Maryknoll Office for Global Concerns

Representing Maryknoll Fathers & Brothers, Maryknoll Sisters, and Maryknoll Lay Missioners
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  • Sri Lanka children - Jim Stipe
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  • Altar in Palestine - R Rodrick Beiler

Congress must address factors driving migration

The following is an excerpt from a letter sent in October to Congressional leaders as they work on the Fiscal Year 2015 State and Foreign Operations bills; it was signed by 52 faith-based, humanitarian, labor, and human rights organizations including the Maryknoll Office for Global Concerns (MOGC). The letter in its entirety can be found here. This is also published in the November-December 2014 NewsNotes.

… We are greatly troubled by the humanitarian crisis in the Northern Triangle of Central America that has compelled the migration of families and children, often unaccompanied, to the U.S. ... [We] urge you to retain provisions of the FY15 [budget] that seek to address some of the factors driving children, families, women, and men to abandon their homes. …

[We] urge [you] to adopt specific Senate measures that strengthen human rights in these countries, including:

  • Human rights conditions on security assistance for Honduras and Guatemala, and for Mexico and Colombia as well, along with $5 million in funding for implementing Leahy Law human rights vetting worldwide. These indispensable human rights conditions, when tied to security assistance and strictly implemented, provide leverage for the U.S. government to encourage aid-receiving governments to investigate and sanction gross human rights abuses and prevent U.S. tax dollars from being misspent on crime, abuse and corruption.
  • The provisions that require international financial institutions to include rigorous human rights due diligence in connection with loans, grants, and policies, and that call for reparations for communities affected by Guatemala’s Chixoy Dam.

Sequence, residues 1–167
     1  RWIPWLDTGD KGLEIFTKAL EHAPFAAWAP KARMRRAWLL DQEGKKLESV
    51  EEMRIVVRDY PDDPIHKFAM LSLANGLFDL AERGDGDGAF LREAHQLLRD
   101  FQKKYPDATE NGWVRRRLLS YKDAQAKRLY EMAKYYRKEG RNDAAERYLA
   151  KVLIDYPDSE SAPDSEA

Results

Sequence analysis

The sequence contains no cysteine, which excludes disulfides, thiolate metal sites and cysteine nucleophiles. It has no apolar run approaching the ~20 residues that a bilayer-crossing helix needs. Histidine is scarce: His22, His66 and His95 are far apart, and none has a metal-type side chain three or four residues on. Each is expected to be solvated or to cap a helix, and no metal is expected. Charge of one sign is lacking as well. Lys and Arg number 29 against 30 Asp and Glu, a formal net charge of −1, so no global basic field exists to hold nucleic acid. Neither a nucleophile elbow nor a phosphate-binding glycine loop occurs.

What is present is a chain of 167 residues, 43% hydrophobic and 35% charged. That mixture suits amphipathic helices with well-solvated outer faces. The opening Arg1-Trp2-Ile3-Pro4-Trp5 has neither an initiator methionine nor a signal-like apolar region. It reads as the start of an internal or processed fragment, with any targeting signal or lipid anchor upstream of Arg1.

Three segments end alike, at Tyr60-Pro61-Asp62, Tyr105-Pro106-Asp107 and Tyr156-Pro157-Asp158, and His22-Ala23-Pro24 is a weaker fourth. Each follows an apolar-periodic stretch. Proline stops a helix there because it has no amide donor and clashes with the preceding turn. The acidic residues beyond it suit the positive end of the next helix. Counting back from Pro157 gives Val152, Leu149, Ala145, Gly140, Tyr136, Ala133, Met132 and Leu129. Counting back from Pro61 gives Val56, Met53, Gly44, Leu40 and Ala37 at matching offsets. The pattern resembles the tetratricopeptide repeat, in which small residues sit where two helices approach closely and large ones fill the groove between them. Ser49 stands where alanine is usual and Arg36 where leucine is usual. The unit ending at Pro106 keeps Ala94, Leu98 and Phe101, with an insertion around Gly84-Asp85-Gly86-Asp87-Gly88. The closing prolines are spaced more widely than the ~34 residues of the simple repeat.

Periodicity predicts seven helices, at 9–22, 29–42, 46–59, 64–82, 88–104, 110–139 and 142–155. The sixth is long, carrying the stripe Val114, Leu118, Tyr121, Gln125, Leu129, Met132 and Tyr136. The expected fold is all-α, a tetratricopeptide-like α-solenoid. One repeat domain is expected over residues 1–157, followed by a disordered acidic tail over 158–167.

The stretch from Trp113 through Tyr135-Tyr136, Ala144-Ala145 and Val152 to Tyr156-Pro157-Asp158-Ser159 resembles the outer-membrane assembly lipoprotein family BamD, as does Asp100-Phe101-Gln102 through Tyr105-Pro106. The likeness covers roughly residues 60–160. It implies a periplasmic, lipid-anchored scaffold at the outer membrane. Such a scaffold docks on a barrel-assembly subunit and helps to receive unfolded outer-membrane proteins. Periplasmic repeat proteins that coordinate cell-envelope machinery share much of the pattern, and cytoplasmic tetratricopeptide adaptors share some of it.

We strongly support funding for specific international institutions to strengthen the rule of law and respect for human rights in Central America, including: 

  • funding for the International Commission against Impunity in Guatemala (CICIG), which has made vital contributions towards the struggle against organized crime, corruption and impunity in Guatemala (we recommend the higher $5 million total in the House bill); 
  • no less than $7 million for the United Nations High Commissioner for Refugees to expand its activities in Central America and Mexico and build emergency shelters and regional protection systems; 
  • funding (in the Senate version) to open an office of the UN High Commissioner for Human Rights in Honduras, urgently needed to address the deterioration of human rights and rights-protecting institutions in that country, along with continued funding for these offices in Colombia and Mexico; and 
  • $2 million (in the Senate report) for the Inter-American Commission on Human Rights, a strong voice encouraging Central American and other regional governments to strengthen the rule of law and often the most important recourse for human rights defenders at risk.
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